Hong Kong’s Protesters are Outfoxing Beijing Worldwide (The Atlantic) The key figures who lead the Hong Kong protests are now having the public opinion high ground on several international occasions – especially in the western world. They are better at utilising technology and social media to voice their opinions, have their cases heard by a much wider audience, and seek moral support.
China in the 2020s: A More Difficult Decade? (George Magnus) In-depth view on China and argues for a much weaker CNY that could end seeing the Chinese economy stay the same size relative to the US in dollar terms over the next 5-10 years.
The New Battle in Hong Kong Isn’t on the Streets; It’s in the Apps (MIT) Activists are using Airdrop, livestreams and maps to circumvent authorities.
Ownership Structure and the Cost of Debt: Evidence from the Chinese Corporate Bond Market (Bank of Finland) Finds state, institutional and foreign ownership reduce spreads.
Third Rehearsal for National Day Celebrations Concludes (Xinhua) About 300,000 people were involved in the rehearsal and related supporting services! 70th anniversary of the founding of the People’s Republic will be on Oct 1
Experts Dismantle the Ugly Political Plot that the United States will Manipulate the Hong Kong-related Bill (Xinhua, Chinese) Lengthy piece in Chinese featuring experts arguing against US Congress’ ‘Hong Kong Human Rights and Democracy’ Bill. The law would change US relations with HK in response to the protests. The article’s narrative is that the Bill is encouraging protests.
Some past allies of China are changing their tone, HK troubles could continue unless the democratic deficit is corrected. Plus, China is upping its propaganda AI game.
How Hong Kong Got to this Point (Brookings) Analyzes the “hybrid” nature of Hong Kong’s governmental and political structure. It also explains how the current procedure of electing Hong Kong Chief Executives caused civil discontent amongst Hong Kong residents.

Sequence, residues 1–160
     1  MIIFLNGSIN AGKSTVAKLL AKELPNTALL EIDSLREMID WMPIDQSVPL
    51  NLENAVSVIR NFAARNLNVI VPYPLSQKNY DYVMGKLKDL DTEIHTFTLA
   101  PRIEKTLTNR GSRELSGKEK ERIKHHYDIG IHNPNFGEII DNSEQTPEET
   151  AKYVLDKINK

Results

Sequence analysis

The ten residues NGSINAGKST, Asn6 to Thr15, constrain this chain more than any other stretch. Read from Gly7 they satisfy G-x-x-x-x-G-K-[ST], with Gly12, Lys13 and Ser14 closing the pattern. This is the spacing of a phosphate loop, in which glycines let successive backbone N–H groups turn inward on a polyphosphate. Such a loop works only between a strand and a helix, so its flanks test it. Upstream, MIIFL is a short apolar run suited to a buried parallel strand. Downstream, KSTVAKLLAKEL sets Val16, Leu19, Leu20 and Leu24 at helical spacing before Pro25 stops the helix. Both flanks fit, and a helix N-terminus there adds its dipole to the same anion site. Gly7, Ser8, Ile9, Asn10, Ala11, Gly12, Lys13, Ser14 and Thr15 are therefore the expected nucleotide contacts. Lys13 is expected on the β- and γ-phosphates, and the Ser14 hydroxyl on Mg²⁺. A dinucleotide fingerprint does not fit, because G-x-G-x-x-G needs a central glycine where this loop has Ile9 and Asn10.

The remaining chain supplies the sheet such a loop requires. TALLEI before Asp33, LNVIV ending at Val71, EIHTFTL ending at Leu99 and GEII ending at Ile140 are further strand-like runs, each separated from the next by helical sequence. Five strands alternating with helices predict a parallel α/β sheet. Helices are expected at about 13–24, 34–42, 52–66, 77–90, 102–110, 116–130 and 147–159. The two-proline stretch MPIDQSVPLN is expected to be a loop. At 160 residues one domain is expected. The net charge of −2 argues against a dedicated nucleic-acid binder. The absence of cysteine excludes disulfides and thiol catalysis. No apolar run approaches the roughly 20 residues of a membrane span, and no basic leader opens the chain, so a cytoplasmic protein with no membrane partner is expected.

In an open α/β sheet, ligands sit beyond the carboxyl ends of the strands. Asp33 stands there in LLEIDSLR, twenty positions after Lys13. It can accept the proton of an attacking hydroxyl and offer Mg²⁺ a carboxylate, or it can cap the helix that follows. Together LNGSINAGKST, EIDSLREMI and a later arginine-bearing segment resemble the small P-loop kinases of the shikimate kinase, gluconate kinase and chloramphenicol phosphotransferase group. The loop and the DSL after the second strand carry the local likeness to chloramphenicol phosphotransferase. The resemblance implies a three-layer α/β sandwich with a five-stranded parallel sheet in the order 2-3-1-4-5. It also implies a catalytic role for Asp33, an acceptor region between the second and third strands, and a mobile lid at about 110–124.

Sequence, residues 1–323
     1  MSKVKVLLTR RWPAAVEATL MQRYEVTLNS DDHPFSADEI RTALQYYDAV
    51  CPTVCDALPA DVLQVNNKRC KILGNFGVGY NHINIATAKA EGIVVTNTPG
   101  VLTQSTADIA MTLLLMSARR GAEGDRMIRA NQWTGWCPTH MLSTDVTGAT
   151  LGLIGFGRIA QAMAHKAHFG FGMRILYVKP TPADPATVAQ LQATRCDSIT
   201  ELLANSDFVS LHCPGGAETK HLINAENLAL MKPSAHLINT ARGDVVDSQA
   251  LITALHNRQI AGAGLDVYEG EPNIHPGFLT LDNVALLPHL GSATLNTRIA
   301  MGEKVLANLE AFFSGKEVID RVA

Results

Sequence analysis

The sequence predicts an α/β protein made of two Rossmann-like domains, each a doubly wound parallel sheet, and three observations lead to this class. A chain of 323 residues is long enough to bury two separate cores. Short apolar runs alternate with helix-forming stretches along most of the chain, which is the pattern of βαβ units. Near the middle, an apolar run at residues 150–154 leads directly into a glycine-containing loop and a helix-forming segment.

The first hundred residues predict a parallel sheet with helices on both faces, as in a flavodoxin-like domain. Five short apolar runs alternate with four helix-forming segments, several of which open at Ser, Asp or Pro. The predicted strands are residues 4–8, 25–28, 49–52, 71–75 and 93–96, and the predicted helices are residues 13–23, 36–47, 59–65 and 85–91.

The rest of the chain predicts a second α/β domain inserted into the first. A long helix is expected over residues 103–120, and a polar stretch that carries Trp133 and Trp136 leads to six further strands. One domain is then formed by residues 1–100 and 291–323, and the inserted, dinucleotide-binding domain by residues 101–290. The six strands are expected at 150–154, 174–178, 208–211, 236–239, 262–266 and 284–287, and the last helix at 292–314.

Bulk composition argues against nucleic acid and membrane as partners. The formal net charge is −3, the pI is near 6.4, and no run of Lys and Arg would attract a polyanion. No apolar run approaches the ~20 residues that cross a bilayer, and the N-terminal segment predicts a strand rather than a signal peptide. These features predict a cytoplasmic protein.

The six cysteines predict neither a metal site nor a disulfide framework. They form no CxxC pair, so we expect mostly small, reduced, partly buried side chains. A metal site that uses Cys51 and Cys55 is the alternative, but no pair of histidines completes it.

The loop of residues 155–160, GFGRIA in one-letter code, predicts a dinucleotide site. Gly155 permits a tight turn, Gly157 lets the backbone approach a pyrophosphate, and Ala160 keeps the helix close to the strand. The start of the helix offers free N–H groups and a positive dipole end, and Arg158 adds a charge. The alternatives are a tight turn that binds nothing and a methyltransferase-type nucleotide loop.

Blackstone’s Schwarzman: China’s Economic ‘Miracle’ Came at the Expense of the US and the West (CNBC) Blackstone had string ties with China, so interesting change in tone.
Xi Stresses Integrated Media Development (Xinhua) Government wants “to boost integrated media development and amplify mainstream tone in public communication so as to consolidate the common theoretical foundation for all Party members and all the people to unite and work hard.” Hmm propaganda-AI?
Evaluating International Impacts of China-Specific Shocks in an Input-Output Framework (Bank of Finland) Thorough working paper that estimates impact of China slowdown or trade war on the growth of key countries. On growth, Korea, Australia and Germany are most sensitive.
We Can’t Secure 5G Networks by Banning Huawei Gear (Defense One) 5G network are based widely-distributed software-define digital routing and small-cell antennas. This means any part of the network, including Internet of Things (smart fridges) could be infiltrate the system. US government needs to partner with business on this – otherwise US networks will be vulnerable.
Is China Fudging Its GDP Figures? Evidence from Trading Partner Data (San Fran Fed) They find that using other countries import data (Fed’s so-called C-CAT index) can track Chinese growth. Over time, official Chinese GDP has become more accurate, but it still understates the volatility of growth.
A Requiem for “Blame It on Beijing” Interpreting Rotating Global Current Account Surpluses (Chinn and Ito) Argues that relative fiscal policies rather than the savings glut explain global imbalances
Can Presidents Block Investment in China? (Council on Foreign Relations, 4 min read). Apparently Trump could use International Emergency Economic Powers Act of 1977 (IEEPA) to prevent US companies from making future investments in China. He could also use it to make it harder to continue to do business in China.
China to Take Targeted Measures for Steady Economic Growth (State Council, 2 min read) Official announcement that RRR cuts are their way. Credit has been surprisingly lacking this year, so this could provide a boost. Bullish for risk markets.
The Background to HK Turmoil (Xinhua, 4 min read). The op-ed was written in Chinese and argues that unrest in HK was caused by the increase living expenses for HK residents, the inability to afford housing, lack of upward mobility and the inability of the local government to respond to requests from the public.
Hong Kong Leader Carrie Lam to Withdraw Extradition Bill That Sparked Protests (WSJ, 5 min read) Withdrawing the bill no longer the top priority among the “five demands” from the Hong Kong protesters – the top one is holding to account the police officers attacking protesters. Doubt this will ever happen!